As with any technology, utilizations can be in a people and nature friendly. Similarly as for any technology, in fact more so with GM technology applications in agriculture and medicine, unregulated use that will help increase the divide between the have and the have-nots, that will be harmful to the environment in the long run. How Bt technology is utilized and how it is regulated will make a major difference. The case of Bt cotton has shown that once introduced restrictions or regulations are difficult to implement. As it stands, Bt brinjal commercialization will benefit mostly the large farmers, food retail behemoths, will slowly erode the biodiversity of brinjal and could lead to increased development of resistance by pests due to the presence of both Bt cotton and Bt brinjal.

What happened – Moratorium, Biotechnology Regulatory Authority

The Ministry of Environment and Forests, under Mr. Jairam Ramesh, held a unique series of national consultations involving a broad cross section of people and invited comments from many scientists, activists and public individuals and organizations. All these were made available on the website of the Ministry and the Union Minister announced a moratorium on the commercialization of Bt. Brinjal in Feb 2010.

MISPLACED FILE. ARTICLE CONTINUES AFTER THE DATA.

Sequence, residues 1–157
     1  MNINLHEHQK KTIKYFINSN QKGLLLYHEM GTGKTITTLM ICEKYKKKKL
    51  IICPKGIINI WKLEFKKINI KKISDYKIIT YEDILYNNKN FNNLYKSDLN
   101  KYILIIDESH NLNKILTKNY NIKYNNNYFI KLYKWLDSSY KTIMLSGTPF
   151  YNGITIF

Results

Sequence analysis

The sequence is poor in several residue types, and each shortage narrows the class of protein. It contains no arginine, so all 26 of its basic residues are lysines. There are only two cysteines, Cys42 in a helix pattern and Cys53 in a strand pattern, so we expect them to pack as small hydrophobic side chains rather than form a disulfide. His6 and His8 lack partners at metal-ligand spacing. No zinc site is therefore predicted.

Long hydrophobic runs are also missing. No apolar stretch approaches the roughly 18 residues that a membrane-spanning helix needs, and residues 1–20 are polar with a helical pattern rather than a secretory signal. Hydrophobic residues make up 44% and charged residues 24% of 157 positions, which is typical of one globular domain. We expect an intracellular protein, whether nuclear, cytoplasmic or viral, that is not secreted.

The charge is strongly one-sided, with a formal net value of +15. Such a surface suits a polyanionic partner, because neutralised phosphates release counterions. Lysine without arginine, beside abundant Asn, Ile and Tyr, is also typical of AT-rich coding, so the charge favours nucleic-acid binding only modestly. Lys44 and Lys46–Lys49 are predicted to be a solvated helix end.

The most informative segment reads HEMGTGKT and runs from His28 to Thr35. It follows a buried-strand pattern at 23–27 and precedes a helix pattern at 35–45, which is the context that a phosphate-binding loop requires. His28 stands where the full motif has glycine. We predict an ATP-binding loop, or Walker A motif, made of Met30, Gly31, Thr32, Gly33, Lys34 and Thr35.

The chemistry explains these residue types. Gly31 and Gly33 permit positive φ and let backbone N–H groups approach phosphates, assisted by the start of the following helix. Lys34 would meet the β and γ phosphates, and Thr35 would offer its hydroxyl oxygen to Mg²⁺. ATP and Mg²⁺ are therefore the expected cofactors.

In September 2010, six national academies released a report on GM crops following a request by the Minister of Environment and Forests. However, the report was not found to be independent and was found to have sections copied from an industry report. The academy report was severely criticized as sham science. The Ministry has not considered the report.
In August 2010, the Cabinet approved the Biotechnology Regulatory Authority of India Bill which was to be placed in the monsoon session of parliament. However, due to other events it has not been taken up yet. The Bill is a draconian measure, with clauses capable of misuse much like the sedition clause in the IPC.

Biotechnology Regulatory Authority